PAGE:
forever at the mercy of the machine that is
the struggle between
the real and the ideal .
Always the music of the drum and bugle
calling out the history and tradition,
the ceremony of change.
The pattern of sound to movement.
The shared momentum of
Always the message of home;
A place of many languages.
Voices that have blended together
to create American soldiers with mothers from
every country, every continent, every culture.
Then always back to the place you can never return to;
To pick up plowshares,
and paperwork and computers.
Sometimes taking a lifetime to make peace with themselves,
with the country, with the enemy,
with the knowing that the next inevitable war
will send their children to be
Always to live in awe of those who can no longer
speak of what they did
to survive: for survival of the world they knew,
as we inherit it today.
They are forever the MinuteMen, the Yanks, Buffalo Soldiers,
the Doughboys, GIs, flat-feet foot soldiers, Grunts, and the WACs......
They are American Soldiers.
Symphony For The Sons of Nam
Track 4 - Chapter one
Remembering the past can provide images that a composer can best express through music.
With Symphony For the Sons of Nam, I have formed musical interpretations which reflect my experience as a soldier in Viet Nam.
Initially written for string quartet, Symphony For the Sons of Nam was expanded to full orchestra in 1992.
The score is broken down into four chapters with individual "events" representing snapshots of my most vivid images from the war.
In 1986, after marching in the "Chicago Welcome Home Parade" for Viet Nam Veterans, I felt a desire to finally confront the emotions from my own time in Viet Nam.
Symphony For the Sons of Nam, along with other compositions, is a musical recollection of memories from my service in Viet Nam and represents my personal catharsis.
Events leading to my arrival in Viet Nam in 1970 and my departure eleven months later are represented here as Chapters 1 and 2. Chapters 3 and 4 are yet to be completed.
Symphony For The Sons of Nam
Event 1 " March of the Sons"
From all over the country we came to California for our jungle indoctrination.Boys from all walks of life coming together for one common purpose - War -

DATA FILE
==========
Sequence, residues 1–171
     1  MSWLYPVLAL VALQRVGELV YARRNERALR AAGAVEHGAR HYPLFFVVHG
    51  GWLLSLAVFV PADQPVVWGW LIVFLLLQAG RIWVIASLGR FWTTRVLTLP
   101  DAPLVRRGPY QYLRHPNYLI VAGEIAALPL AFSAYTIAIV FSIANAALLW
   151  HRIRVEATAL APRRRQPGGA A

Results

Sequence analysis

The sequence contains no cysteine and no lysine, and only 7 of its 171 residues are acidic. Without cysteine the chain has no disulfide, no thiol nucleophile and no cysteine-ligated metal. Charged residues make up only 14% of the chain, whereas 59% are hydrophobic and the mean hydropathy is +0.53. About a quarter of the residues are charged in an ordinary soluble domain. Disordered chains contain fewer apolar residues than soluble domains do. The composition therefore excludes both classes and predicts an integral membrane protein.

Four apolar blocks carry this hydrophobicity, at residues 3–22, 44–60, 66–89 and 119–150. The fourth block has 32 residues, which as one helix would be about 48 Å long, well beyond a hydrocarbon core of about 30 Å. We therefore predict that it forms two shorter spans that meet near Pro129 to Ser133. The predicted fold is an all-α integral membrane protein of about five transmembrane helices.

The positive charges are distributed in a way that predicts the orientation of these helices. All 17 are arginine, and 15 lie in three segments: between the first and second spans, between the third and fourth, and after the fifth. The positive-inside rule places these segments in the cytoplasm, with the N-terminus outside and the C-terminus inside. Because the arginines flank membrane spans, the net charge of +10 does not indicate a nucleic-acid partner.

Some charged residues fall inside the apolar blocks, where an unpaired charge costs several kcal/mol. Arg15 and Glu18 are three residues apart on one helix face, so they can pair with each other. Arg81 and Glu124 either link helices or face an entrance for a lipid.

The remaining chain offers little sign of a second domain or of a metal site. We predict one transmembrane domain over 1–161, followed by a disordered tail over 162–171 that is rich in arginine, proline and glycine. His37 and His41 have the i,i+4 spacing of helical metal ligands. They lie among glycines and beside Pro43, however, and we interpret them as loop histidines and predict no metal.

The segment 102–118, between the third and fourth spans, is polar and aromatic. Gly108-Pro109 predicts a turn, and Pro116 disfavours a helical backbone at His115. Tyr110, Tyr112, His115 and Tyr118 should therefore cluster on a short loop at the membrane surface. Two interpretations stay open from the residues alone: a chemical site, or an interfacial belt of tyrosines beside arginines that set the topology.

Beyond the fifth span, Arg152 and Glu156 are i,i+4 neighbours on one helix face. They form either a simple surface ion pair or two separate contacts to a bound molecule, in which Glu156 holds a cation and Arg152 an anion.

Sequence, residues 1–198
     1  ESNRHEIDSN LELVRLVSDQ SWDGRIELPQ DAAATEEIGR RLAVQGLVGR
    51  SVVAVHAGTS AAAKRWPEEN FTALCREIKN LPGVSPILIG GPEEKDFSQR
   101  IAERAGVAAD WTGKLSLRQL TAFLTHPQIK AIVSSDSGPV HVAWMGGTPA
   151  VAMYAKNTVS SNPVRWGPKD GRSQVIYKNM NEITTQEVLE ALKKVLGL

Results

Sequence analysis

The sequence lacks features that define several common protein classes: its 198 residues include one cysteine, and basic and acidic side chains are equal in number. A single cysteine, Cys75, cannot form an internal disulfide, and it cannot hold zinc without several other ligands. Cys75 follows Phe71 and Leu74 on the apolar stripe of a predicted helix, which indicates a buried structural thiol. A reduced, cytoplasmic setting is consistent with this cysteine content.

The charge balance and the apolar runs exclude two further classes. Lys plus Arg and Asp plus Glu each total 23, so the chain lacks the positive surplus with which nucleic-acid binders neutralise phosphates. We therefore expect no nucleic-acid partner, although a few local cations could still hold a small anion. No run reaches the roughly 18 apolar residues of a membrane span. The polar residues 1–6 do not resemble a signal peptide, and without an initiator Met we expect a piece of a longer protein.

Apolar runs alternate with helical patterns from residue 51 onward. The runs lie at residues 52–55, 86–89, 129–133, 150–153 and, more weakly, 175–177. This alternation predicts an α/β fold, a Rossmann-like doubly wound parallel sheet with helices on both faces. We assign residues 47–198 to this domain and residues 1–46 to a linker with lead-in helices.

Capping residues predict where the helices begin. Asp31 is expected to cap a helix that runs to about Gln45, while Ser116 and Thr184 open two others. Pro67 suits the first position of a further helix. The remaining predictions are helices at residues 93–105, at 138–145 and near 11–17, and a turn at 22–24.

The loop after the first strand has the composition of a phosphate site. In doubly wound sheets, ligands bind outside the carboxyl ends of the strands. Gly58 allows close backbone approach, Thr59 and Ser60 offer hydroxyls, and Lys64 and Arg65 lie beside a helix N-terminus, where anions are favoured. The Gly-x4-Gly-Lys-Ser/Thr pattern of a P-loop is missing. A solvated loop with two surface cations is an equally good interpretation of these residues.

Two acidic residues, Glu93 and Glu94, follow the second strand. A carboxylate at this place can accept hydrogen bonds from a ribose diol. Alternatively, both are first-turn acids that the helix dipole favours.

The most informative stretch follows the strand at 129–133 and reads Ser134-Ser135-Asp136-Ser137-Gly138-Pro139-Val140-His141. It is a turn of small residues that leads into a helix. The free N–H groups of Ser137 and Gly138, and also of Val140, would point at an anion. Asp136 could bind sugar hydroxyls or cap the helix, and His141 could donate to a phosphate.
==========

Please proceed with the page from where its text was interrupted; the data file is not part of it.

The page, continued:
Event 2 "Conversations"
Late at night in the barracks we talk to each other about our lives back home and what we expected from Viet Nam. Suddenly, we're interupted by a Viet Nam returnee who tells stories of enemy soldiers who are so high on drugs that they become numb. He tells how they keep coming at you even after being shot several times. I try to sleep as I hear one lone soldier break into tearswhile he prays aloud for his safe return home.
Event 3 "Moment With Memories"
After three days of processing and waiting for orders, I hear my name called over the loud speakers indicating I was to leave for Viet Nam in 8 hours. It was at that moment that I realized every-day life, and the special people left back home, were soon to become nostalgic memories to be cherished.
Event 4 " Questions and Answers"
All departing soldiers attend a deployment briefing given by some hard-nose sergeants. They give no answers to our questions about Viet Nam. Their only reply to our apprehension and curiosity, was an evasive and repetitive, "You'll find out when you get there" It would prove to be the only reasonable response.
Event 5 "In Country"
As the doors open from the back of the C-130 cargo plane, I am overwhelmed by the beauty of theViet Nam landscape. With this backdrop I watch as soldier after soldier slowly exit the plane. I am filled with pride and patriotism knowing the sacrifice each of us was making and that some of us would not make it back.
Chapter 2 Track 5 Chapter Two
Event 6 " Anticipation of Going Home"
Due to go home in a week, I count down the days with nervous anticipation, hoping nothing will cause a delay in my departure.
Event 7 "March of The Sons"
We (short- timers) are marched from one out- processing station to another as we prepare to finally go home.
Event 8 "Leaving the Jungle"
The suspense of waiting for the orders that would send you home was unbearable. When my orders finally came, I rushed to the orderly room with uncontrolled excitement only to find that they were misplaced. I waited another day and finally headed for the airport.
Event 9 " Reflections"
Reflecting on the war, I think about friends made and friends lost. The memories are bittersweet.
Event 10 " Silent Prayer"
Leaving Viet Nam I pray for peace. I pray harder for those still fighting.
Event 11 " Flying Home"
A peaceful happiness overtakes me as I vow to keep in my heart the realization of the fragility of life and the importance of cherishing every moment.
Check out the artist's website:
1. Fanfare For Life
2. American Soldier
3. Symphony For the Sons of Nam Chapter 1
4. Symphony For the Sons of Nam Chapter 2